Tag Archives: social programs

Return On Investment

I tend to get testy when I hear people intone that government should “be run like a business.” (Granted–I’m testy a lot…) Government is very different from business–its purposes (which do not include a profit motive) are distinct. Not recognizing the substantial differences  between governance and enterprise marks those making that facile comment as–at best– uninformed.

That said, there is one concept fundamental to both business plans and investment decisions that should also guide governmental decisions: return on investment. Interestingly, however, many of the same folks who want more businesslike governance routinely ignore that calculation.

If I’m purchasing stock in a company, I want evidence that the shares I purchase will appreciate in value–or at least pay dividends. If I am a savvy/mature investor, rather than a gambler playing the market, I understand that such appreciation will likely not be immediate; I will invest “for the long haul.” 

That same calculation ought to determine America’s investments in social spending.  Although appropriate returns on government investment will not and should not be monetary, a number of studies confirm that a surprising number of programs actually do turn a fiscal profit for taxpayers.

Children who have been fed thanks to food stamps grow up into healthier, more productive adults than those who didn’t get enough to eat. That greater productivity means that government eventually recoups much of what it spent on those food stamps–and also saves money due to reduced spending on things like disability payments.

A recent study by Harvard economists found that many programs — especially those focused on children and young adults — made money for taxpayers, when all costs and benefits were factored in.

That’s because they improved the health and education of enrollees and their families, who eventually earned more income, paid more taxes and needed less government assistance over all.

The study, published in The Quarterly Journal of Economics, analyzed 101 government programs. In one way, it was a standard cost/benefit analysis–it looked at what  government’s costs were, and the resulting benefits to the recipients. However, the researchers took an extra step–they calculated the “fiscal externalities: the indirect ways that a program affected the government’s budget.”

In other words, in addition to the upfront costs, they calculated the monetary return on taxpayers’ investment.

Consider one program: health insurance for pregnant women. In the mid-1980s, the federal government allowed states to expand Medicaid eligibility to more low-income pregnant women. Some, but not all, states took up the offer. Increased Medicaid coverage enabled women to receive prenatal care and better obstetric care, and to save on personal medical spending.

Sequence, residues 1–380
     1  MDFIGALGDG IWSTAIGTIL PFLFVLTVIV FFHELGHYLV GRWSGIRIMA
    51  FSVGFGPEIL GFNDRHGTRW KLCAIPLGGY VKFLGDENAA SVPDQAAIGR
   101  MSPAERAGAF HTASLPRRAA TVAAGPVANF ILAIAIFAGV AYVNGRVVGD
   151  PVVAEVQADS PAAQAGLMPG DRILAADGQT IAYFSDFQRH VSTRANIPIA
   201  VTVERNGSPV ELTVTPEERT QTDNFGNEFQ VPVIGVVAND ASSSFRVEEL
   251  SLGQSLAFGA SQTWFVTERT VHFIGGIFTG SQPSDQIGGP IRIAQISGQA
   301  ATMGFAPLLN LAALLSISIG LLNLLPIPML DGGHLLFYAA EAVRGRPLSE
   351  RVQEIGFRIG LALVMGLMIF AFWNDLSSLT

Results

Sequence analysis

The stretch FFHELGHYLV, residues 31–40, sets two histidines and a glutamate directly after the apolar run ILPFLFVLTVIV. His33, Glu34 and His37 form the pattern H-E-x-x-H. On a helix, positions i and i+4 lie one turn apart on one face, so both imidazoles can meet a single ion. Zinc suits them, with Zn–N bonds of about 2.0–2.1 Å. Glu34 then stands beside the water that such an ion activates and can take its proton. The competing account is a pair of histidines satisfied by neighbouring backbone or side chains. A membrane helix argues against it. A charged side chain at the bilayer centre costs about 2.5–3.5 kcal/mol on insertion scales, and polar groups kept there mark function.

For the federal government, the most straightforward fiscal impact of this expanded coverage was increased spending on health insurance. The indirect fiscal effects were more complex, and could easily be overlooked, but they have been enormous.

First, newly eligible women had fewer uninsured medical costs. The federal government picks up part of the tab for the uninsured because it reimburses hospitals for “uncompensated care,” or unpaid bills. Thus, this saved the government some money. On the other hand, some of the women stopped working, probably because they no longer needed employer-provided private health insurance, and this cost the government money.

But the biggest indirect effects were not apparent until children born to the Medicaid-covered women became adults. As shown in a study by Sarah Miller at the University of Michigan and Laura Wherry at the University of California, Los Angeles, those second-generation beneficiaries were healthier in adulthood, with fewer hospitalizations. The government saved money because it would have paid for part of those hospital bills. The now-adult beneficiaries had more education and earned more money than people in similar situations whose mothers did not get Medicaid benefits. That meant higher tax revenue.

Data on other social programs yields similar results. Researchers have found that Medicaid expansion, for example, more than paid for itself, even after accounting for the fact that future benefits are “discounted”–i.e., worth less today.